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How We Teach Reading

Learning to read is one of the most important things your child will achieve at our school. Everything else depends on it, so we put as much energy as we possibly can into making sure that every single child learns to read as quickly as possible. We want your child to love reading – and to want to read for themselves. This is why we work hard to make sure children develop a love of books as well as learning to read.

 

Teachers regularly read to the children, so the children get to know and love all sorts of stories, poetry and information books. This helps to extend children’s vocabulary and comprehension, as well as supporting their writing. Children read from a variety of schemes which have been banded according to reading ability.  Reception pupils begin with Lilac Books which have no words and encourage discussion about pictures and the story as a whole. Pupils complete the scheme starting from Pink through to Burgundy and Black, by year 6. The teachers check the children’s reading skills regularly so that they can ensure the children have consolidated and developed their reading skills. Once this has been achieved, the children are progressed onto the next stage. Recently we have invested heavily in buying lots of new high quality reading books, to ensure the children have as good a selection of books as possible.

 

Children, from Year 1 upwards, take part in Guided Reading sessions as well as individual reading.  Children are regularly assessed to ensure reading books are matched to their ability to read and comprehend.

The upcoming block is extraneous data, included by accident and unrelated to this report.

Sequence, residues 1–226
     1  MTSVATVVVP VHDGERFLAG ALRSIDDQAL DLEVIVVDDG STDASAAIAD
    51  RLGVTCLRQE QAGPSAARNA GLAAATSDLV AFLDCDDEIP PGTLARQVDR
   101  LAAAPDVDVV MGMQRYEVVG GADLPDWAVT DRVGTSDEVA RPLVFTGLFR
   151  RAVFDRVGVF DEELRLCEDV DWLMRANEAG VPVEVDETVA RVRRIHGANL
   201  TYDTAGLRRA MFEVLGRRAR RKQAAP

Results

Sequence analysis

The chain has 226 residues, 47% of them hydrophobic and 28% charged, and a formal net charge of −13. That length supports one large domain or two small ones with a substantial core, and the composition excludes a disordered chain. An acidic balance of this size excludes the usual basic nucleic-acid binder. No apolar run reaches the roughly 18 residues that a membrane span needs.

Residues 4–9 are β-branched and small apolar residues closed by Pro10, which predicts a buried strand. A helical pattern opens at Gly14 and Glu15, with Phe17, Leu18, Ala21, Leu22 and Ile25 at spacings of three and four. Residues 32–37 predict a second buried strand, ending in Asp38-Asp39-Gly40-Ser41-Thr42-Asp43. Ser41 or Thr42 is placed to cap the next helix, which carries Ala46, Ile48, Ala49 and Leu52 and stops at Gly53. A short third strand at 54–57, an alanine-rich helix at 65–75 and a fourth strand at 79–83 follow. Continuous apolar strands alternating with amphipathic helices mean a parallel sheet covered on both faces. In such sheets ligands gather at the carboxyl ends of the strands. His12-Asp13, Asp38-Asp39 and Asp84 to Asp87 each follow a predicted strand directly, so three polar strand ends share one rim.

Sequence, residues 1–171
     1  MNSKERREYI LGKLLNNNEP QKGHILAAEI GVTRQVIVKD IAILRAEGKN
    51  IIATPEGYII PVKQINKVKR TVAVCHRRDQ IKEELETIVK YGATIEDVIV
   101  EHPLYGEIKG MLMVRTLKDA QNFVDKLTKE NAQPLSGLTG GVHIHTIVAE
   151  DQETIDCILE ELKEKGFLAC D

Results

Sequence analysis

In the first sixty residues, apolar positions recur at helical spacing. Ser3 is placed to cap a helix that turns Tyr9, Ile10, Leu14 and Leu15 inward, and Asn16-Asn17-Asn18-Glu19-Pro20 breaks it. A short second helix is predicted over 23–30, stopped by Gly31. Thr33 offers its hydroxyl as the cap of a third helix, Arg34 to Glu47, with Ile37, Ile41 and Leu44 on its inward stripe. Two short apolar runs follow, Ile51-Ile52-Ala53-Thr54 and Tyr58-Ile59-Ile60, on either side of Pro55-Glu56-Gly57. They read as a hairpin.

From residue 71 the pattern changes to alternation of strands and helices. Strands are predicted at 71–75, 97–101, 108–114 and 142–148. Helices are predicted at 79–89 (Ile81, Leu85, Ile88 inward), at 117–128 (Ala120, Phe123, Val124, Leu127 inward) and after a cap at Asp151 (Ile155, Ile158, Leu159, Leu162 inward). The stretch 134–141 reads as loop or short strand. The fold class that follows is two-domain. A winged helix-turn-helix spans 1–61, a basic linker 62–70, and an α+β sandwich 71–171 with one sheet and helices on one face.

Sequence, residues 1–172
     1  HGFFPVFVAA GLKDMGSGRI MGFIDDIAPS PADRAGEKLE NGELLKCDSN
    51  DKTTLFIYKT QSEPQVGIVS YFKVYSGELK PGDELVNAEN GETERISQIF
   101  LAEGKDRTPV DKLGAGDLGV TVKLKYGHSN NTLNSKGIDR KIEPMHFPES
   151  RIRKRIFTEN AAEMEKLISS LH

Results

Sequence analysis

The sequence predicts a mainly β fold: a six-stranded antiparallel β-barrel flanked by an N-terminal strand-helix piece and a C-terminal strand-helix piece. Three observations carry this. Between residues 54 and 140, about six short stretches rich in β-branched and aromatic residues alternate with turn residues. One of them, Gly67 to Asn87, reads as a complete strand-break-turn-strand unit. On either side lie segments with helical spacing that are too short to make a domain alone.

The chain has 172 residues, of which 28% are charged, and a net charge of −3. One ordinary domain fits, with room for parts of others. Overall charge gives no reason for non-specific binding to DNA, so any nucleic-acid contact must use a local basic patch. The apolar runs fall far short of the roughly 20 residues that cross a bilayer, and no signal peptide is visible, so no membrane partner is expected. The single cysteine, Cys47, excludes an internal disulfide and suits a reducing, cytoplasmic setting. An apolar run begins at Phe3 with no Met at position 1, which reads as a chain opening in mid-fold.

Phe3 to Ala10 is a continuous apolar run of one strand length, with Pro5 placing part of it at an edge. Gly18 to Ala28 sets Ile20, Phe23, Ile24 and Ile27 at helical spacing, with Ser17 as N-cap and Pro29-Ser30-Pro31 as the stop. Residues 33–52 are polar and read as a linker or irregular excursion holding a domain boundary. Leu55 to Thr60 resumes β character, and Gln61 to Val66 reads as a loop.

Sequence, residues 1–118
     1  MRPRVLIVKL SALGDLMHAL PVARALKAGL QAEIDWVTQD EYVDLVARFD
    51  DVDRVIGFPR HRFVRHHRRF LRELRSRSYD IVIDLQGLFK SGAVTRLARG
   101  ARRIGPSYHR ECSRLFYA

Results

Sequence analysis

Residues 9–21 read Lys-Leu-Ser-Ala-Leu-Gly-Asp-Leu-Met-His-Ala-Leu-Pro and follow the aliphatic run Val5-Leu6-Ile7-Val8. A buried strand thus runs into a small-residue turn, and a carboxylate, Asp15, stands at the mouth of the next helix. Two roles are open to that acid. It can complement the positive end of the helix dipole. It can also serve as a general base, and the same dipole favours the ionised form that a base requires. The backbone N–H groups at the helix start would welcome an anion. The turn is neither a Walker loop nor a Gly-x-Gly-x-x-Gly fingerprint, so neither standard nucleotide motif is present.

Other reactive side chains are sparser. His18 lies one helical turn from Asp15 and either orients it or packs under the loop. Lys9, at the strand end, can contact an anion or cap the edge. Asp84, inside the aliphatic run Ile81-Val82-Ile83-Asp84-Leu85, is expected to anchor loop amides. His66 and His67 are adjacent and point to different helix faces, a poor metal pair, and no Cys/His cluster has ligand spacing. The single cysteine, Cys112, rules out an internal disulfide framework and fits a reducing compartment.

How long will it take to learn to read well? Every child is different and children will learn to read at different speeds.  By the end of Year 2, most children will be able to read aloud books that are at the right level for his or her age. In Year 3 and beyond, we concentrate more on helping children to understand what they are reading, although this work begins very early on.

 

What can parents/carers do to help? Parents are a key part in the children’s ‘reading journey’. We encourage children to read at home on a daily basis. Please remember to record each time you read with your child at home so they can move up their classes reading track.  (even if you read to your child, this can be recorded in the diary and used to move the child along the track).  Sometimes your child might bring home a picture book that they know well. Please don’t say, ‘This is too easy.’ Instead, encourage your child to tell you the story out loud; ask them questions about things that happen or what they think about some of the characters in the story. Make reading fun! 

 

Remember to keep reading to your child.  They will come across far more adventurous words than they will in their early reading books.  You will be helping them to grow a vast vocabulary and understand the meaning of different stories etc.  It will also encourage them to love books and want to read more!

 

What if my child finds it difficult to learn to read?

We want every child to learn to read, however long it takes us to teach them. We will find out very quickly if your child is finding reading difficult. We can then look at if they need extra support to help them. We employ two highly trained Reading Recovery teachers who work with children in Key Stage 1 who are finding learning to read tricky and we have the Switch-on programme which is run by trained Teaching Assistants as well as other interventions.

 

Remember, all children are individual so some children take a little longer to learn to read.

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